Well well, looks like we've got the Ministry of Foreign Affairs editing now! This will need some cleaning up, I particularly liked the replacement of the {{warningbox}} with a {{Welcome Box}}... Jpatokal 10:27, 2 April 2009 (EDT)

isIn[edit]

I think it's appropriate to direct the isIn chain back to Northwestern Georgia. The vast majority of native English speakers have only heard of Abkhazia (if they've heard of it at all) in the context as a break-away republic of Georgia. The breadcrumb trail gives useful geographical context, especially to readers unfamiliar with the conflict, and who would be surprised to see a country on Wikitravel that they've never heard of. To just direct it straight to the top level region seems to me a little too political of a statement, given that it's state status is almost universally unrecognized—we're already using a country-style Quickbar, and I think that's enough to get the point across. --Peter Talk 17:45, 20 July 2009 (EDT)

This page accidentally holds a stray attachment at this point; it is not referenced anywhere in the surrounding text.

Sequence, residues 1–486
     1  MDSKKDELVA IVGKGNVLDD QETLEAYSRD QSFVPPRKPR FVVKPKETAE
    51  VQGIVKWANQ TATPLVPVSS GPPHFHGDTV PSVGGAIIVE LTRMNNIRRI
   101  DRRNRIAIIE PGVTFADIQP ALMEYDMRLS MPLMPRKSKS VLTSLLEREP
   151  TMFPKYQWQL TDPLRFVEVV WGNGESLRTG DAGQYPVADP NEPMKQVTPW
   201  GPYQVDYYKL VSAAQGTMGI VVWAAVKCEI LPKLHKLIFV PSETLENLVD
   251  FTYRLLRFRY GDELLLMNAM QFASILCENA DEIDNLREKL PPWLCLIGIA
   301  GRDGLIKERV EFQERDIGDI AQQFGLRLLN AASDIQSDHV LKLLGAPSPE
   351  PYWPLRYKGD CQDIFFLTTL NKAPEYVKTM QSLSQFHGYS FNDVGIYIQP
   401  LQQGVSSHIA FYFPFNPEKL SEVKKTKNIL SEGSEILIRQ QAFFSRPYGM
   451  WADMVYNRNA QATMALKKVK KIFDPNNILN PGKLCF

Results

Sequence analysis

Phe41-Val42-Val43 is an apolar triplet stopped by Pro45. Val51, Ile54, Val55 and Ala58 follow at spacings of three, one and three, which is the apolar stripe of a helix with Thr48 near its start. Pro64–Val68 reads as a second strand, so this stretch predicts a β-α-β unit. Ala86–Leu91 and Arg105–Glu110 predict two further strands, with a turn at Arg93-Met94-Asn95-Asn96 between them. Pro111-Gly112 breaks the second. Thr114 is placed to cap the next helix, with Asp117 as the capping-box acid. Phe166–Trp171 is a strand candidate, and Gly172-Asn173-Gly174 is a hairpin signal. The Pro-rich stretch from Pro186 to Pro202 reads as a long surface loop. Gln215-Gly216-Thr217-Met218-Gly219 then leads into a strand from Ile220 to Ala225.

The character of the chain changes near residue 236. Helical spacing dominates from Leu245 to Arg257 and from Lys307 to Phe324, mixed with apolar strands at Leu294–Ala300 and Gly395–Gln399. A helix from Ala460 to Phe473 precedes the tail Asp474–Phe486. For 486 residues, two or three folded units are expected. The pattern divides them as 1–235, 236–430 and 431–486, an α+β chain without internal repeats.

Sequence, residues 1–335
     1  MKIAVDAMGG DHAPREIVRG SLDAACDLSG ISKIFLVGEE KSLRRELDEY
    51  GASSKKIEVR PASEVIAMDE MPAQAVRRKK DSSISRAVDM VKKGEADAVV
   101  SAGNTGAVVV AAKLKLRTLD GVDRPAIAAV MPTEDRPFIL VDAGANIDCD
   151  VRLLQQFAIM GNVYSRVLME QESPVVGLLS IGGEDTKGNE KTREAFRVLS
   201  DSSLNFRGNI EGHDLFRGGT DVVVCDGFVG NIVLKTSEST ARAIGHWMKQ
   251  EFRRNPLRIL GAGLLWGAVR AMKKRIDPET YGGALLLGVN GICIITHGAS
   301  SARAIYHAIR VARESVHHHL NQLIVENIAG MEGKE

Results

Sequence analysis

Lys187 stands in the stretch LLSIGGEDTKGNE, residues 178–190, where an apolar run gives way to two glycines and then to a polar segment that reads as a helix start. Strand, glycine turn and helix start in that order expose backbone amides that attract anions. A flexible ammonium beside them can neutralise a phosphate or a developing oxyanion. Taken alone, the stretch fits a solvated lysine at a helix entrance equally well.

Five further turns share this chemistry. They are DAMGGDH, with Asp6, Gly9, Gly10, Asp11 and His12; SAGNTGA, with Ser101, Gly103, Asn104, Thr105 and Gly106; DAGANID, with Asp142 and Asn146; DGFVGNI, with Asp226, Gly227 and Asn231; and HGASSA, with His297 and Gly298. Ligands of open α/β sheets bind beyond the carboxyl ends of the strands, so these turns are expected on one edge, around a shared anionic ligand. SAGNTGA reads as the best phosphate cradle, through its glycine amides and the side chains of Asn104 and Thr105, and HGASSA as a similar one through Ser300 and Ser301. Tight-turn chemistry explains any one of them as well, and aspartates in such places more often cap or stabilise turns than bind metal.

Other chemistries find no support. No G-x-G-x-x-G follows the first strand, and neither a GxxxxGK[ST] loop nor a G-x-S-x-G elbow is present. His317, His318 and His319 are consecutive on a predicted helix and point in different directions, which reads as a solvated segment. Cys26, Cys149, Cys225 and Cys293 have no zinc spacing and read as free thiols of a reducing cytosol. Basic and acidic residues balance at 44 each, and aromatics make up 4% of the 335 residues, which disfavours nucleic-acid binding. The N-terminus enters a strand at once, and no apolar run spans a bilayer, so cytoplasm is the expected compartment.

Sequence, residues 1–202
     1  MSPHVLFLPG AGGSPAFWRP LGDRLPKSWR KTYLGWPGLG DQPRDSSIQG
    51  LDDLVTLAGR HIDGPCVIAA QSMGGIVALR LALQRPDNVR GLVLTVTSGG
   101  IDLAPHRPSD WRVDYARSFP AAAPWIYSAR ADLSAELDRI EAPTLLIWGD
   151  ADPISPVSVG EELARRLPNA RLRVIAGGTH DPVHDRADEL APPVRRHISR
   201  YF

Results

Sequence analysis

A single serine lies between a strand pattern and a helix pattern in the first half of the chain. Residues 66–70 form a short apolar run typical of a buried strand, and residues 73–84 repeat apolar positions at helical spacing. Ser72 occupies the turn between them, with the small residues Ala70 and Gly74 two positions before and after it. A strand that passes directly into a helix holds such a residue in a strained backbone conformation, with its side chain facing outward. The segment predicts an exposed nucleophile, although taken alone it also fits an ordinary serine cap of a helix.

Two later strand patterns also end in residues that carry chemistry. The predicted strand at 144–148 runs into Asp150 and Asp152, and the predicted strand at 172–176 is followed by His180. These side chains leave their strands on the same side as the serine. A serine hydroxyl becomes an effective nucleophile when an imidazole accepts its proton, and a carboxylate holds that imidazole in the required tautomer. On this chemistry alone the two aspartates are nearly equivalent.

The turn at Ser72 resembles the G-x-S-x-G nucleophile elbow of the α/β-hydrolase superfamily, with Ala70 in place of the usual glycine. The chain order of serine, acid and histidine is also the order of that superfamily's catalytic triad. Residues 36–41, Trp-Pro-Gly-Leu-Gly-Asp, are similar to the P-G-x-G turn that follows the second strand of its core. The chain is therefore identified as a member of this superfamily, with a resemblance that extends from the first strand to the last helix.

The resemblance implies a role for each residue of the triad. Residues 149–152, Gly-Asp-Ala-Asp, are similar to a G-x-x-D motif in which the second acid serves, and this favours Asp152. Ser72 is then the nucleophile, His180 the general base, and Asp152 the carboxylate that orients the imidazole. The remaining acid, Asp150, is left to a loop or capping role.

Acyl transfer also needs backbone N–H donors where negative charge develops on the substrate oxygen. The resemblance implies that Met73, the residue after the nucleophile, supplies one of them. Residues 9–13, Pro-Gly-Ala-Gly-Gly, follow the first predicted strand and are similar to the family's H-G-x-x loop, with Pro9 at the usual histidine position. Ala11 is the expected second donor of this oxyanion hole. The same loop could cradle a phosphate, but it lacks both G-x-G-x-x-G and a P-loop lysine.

I don't know, Caucasus seems pretty appropriate to me. As much as sympathize with the Georgians, despite their hapless miscalculations leading up to the conflict, I can't ever see Abkhazia returning to Georgian administration - it's a Russian showcase for what they regard as their sphere of influence, and from what I know about Russian politics, they are as likely to back down from this, as China is from their claims over Taiwan. --Stefan (sertmann) Talk 19:04, 20 July 2009 (EDT)
Can you still travel there via Georgia? Wikipedia says it's only recognized by Russia, Nicaragua, and Hamas. If you can still get there from Georgia, it should probably remain listed under Georgia. If routes from Georgia are blocked/not possible, then maybe the Caucuses is the best place for it. ChubbyWimbus 19:51, 20 July 2009 (EDT)